“Wait,” Mom said. “Did you say the blood is in your underpants?”

“Yes, and my stomach hurts, and—”

She waved a hand at me, cutting me off.

“It’s just your period,” she said.

“What is a ‘period’?”

No one had ever mentioned that I would get a “period” or even what one was.

“It means you’re a woman,” Mom said, sliding out of bed.

She led me to the bathroom and opened the small closet that stuck out of the wall on the far end of the tub. She took out a box with what looked like little white pillows in it and handed me one.

“Here,” she said.

“What do I do with this?”

She rolled her eyes at my ignorance.

“You use a safety pin on each end and pin it into your underpants. Take a shower first and clean yourself off. And be sure to soak your soiled underwear in cold water in the sink.”

I obeyed her even though the pains in my stomach made my knees wobble. Afterward, when I was brushing my hair in my room, she came up behind me.

“Sit down on the bed,” she said, her voice cold.

I sat, feeling dread creep over me. Her body language was stiff, as if I’d seen it moments before she started whipping me. Had I done something wrong? Was this “period” proof of my guilt?

“Women bleed every month,” she began. “It’s a curse that God put on them.”

“Why did God curse us?” I asked as my bone marrow began to produce fear to pump into my bloodstream instead of blood cells.

“Because of the Garden of Eden,” she said.

She pulled out a King James Version of the Bible and read Genesis three, where the serpent tricked Eve into eating the forbidden fruit. She read the part where God looked for Adam and Eve, and where they hid from him because they had eaten the forbidden fruit.

“Eve didn’t just sin herself,” Mom preached. “She caused her husband to sin. So God cursed her. See where it says ‘In sorrow you shall bear children?’ Well, your period is that sorrow. You’ll have it for the rest of your life, until you get too old to have children.”

It sounded to me as if being a woman was a curse. And while I was in my parents’ home, it certainly was.

But at least I knew I wasn’t going to die. There was no help for my cramps, as Mom called them, since the cult she and my father belonged to taught against using any kind of drug, even aspirin. Hot tea was allowed but for some reason that made the cramping worse.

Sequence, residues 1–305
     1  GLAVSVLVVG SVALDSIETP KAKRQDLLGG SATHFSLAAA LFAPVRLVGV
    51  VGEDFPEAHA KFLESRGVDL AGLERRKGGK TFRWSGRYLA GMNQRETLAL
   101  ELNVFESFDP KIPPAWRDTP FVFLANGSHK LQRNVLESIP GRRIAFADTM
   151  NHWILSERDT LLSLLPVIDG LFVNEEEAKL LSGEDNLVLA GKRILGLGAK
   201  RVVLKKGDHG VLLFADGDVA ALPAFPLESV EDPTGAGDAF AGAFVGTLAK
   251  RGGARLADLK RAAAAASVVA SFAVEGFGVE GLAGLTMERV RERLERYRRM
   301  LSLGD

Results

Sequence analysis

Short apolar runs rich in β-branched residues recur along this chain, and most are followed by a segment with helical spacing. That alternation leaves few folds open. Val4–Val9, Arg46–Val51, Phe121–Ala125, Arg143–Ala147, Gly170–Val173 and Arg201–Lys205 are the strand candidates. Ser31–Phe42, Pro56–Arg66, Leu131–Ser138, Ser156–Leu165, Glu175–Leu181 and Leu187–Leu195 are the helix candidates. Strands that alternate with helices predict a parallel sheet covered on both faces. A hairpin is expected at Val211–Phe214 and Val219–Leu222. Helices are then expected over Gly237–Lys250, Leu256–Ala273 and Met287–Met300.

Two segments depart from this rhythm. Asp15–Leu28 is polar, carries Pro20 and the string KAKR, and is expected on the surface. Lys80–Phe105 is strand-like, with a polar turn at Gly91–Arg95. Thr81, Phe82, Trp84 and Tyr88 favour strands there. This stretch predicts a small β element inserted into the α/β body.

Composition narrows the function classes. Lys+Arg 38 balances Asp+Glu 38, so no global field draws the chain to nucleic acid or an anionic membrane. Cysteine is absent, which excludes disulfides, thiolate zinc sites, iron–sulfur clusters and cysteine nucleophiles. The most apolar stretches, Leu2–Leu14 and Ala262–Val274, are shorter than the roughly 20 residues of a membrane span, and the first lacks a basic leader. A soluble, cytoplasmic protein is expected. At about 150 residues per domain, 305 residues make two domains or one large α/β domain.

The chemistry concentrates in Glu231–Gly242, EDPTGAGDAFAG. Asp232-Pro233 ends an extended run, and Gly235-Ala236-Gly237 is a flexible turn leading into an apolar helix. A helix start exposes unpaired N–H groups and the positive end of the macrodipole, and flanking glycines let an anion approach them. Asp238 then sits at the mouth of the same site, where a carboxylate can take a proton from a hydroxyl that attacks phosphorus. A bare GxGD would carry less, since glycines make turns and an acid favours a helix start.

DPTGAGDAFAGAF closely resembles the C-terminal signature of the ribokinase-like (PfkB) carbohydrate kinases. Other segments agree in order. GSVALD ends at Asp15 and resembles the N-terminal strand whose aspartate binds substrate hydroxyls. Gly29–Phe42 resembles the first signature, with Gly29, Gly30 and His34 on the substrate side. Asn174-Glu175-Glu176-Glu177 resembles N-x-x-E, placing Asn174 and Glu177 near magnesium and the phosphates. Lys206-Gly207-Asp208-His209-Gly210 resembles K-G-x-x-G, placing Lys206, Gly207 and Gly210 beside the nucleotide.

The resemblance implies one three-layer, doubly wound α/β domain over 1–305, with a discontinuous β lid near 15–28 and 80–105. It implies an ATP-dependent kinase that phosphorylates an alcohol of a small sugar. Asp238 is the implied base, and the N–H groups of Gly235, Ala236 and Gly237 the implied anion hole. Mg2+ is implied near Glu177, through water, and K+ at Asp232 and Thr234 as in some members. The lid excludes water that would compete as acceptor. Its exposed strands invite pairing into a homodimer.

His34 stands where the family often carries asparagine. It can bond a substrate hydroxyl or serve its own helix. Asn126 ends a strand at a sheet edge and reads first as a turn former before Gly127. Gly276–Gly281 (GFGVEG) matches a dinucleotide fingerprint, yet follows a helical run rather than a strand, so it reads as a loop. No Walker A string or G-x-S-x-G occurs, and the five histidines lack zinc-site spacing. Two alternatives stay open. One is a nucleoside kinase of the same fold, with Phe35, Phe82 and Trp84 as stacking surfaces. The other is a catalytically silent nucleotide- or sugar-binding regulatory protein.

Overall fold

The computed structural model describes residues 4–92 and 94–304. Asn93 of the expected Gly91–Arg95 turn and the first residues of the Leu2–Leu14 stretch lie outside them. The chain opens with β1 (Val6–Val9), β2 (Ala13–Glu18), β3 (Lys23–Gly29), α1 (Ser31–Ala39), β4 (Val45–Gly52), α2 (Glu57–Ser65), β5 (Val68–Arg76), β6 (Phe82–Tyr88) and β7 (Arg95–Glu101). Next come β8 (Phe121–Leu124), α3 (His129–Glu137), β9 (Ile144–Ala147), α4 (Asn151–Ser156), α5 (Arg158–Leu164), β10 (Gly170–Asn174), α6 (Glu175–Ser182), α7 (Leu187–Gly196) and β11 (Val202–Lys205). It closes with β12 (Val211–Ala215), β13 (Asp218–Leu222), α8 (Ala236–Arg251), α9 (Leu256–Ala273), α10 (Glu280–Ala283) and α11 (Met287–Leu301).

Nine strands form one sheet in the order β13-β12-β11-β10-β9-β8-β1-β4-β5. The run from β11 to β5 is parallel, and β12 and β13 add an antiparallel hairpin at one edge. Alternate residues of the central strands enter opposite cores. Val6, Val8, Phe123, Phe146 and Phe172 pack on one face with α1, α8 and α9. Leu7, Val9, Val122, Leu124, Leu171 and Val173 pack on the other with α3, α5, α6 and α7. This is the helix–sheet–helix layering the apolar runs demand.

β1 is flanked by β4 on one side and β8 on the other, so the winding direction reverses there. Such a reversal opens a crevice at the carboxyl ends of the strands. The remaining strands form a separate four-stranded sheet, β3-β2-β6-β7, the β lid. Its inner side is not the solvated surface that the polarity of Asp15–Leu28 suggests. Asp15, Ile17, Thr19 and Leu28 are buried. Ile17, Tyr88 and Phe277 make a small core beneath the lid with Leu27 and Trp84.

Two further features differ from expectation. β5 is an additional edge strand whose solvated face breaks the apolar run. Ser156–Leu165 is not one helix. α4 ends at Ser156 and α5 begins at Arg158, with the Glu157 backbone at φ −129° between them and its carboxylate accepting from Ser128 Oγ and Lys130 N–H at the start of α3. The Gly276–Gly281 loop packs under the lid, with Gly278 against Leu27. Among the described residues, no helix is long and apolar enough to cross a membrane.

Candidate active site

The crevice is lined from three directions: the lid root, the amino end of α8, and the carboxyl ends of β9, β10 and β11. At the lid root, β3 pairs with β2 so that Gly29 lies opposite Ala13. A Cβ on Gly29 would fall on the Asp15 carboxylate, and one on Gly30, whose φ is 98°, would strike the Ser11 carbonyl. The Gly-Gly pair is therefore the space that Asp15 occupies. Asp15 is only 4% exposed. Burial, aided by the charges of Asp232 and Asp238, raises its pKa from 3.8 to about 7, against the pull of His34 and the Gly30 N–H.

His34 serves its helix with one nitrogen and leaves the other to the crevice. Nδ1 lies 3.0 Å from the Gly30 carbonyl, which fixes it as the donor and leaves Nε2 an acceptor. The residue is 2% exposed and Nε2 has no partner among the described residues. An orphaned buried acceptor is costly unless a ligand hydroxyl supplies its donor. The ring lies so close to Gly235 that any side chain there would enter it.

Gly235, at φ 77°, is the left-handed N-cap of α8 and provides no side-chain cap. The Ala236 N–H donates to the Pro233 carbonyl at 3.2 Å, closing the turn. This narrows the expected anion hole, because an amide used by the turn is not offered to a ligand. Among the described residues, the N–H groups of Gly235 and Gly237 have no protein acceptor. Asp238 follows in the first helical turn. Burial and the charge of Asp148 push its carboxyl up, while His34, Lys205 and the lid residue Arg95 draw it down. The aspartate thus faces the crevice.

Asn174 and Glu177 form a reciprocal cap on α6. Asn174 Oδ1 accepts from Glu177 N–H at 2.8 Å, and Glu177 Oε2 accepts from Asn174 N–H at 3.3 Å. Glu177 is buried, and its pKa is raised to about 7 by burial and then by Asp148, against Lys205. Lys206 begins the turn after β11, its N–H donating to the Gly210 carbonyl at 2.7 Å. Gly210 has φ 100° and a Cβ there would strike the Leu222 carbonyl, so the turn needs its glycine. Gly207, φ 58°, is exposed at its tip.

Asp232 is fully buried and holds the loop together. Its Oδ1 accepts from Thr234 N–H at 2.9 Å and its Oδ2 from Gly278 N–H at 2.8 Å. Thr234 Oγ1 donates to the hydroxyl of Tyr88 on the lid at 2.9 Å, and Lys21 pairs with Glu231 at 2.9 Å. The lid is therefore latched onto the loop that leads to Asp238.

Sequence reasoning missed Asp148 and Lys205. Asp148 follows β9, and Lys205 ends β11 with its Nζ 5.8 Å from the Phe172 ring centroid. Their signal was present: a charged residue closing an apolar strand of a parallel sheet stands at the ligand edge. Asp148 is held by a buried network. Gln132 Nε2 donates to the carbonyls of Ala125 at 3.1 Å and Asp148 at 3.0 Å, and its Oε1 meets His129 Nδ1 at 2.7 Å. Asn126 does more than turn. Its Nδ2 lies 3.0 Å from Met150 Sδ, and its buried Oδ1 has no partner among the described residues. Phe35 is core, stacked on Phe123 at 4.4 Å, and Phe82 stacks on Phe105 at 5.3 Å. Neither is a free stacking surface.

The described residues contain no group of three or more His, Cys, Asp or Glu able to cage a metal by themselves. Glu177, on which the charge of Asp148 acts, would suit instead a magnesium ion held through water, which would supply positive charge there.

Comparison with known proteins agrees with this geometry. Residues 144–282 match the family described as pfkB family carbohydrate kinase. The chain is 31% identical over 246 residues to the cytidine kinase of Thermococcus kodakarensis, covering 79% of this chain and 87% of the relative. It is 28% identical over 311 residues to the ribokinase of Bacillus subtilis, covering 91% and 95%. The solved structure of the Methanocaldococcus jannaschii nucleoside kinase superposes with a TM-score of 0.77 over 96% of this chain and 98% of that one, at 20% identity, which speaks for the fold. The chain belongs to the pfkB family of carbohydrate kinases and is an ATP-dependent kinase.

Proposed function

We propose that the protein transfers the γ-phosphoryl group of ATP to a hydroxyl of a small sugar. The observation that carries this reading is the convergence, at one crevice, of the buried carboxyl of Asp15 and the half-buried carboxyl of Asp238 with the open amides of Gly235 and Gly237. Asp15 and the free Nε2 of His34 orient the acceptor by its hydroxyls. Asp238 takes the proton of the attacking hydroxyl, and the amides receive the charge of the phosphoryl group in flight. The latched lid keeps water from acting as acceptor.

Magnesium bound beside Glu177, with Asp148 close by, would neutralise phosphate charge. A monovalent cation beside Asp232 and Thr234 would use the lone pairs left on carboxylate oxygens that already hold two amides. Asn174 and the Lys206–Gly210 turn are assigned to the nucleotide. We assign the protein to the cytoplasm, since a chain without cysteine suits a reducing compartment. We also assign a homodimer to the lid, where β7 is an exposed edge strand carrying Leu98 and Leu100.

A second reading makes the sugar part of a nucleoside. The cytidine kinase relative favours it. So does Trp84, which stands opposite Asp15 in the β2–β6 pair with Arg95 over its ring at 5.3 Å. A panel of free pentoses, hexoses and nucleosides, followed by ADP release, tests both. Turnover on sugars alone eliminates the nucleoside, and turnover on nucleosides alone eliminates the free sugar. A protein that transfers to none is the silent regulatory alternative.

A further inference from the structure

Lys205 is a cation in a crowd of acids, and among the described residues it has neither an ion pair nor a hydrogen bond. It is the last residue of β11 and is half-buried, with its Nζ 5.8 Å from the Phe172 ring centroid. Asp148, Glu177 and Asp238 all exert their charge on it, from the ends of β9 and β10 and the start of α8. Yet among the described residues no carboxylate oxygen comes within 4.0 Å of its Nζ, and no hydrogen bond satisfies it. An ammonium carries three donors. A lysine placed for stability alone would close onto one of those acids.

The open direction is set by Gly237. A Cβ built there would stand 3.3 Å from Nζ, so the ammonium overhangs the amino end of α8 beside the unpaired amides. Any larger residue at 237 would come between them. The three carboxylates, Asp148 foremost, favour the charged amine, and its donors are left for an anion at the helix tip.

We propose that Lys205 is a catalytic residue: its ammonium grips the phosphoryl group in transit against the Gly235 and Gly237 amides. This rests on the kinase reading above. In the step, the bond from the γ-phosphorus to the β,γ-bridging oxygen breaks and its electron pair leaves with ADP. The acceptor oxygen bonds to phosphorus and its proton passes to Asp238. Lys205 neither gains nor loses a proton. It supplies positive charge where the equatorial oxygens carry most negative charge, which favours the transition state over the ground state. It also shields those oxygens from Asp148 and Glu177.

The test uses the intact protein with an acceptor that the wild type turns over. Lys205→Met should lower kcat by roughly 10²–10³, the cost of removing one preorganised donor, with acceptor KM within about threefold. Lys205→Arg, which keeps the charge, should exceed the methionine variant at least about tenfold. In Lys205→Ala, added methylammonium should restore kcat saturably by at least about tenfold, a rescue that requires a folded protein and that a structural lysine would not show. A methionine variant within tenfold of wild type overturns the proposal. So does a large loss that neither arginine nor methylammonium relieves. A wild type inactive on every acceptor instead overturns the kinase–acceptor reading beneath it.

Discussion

So I spent the rest of my preteen and my teen years dreading the time of the month when crushing pains would announce the arrival of my period. I was sent to the nurse’s office numerous times. Often the nurse decided that I had a “bad attitude” and that if I really wanted to be in class that I could somehow stop the cramping.

Cramps were also no excuse for me to miss the mandatory cult services every Saturday or to cause my parents to miss out on the socializing at members’ homes afterward.

Once, on a beautiful sunny day, a church member stood over me as I writhed in agony on a couch, declaring that I was antisocial and that I had a bad attitude.

In so many ways, Mom’s words had been true for me. Having my period really was a curse.

The only way I found to lift the curse was to do the opposite of what they taught me. So after I left home for college, I put as much distance as I could between myself and them.

Though I was briefly forced to go back home when my mother chose to allow cancer to eat away her body, which is another story, I continued to set up boundaries that kept them far away.

I eventually discovered that chiropractic adjustments eased my cramps. And that what it feels like to be a woman isn’t all bad. In fact, being a woman could be fun in so many ways. Even though my childbearing years are now past and the memories of my period and the pain it caused are distant, I refuse to believe what my mother said.

I refuse to believe that being a woman is a curse. We can choose to see life’s challenges and cycles how we wish. I choose to see the pain of my menses as a blessing because it was one of the factors that eventually freed me from my parents’ tyranny.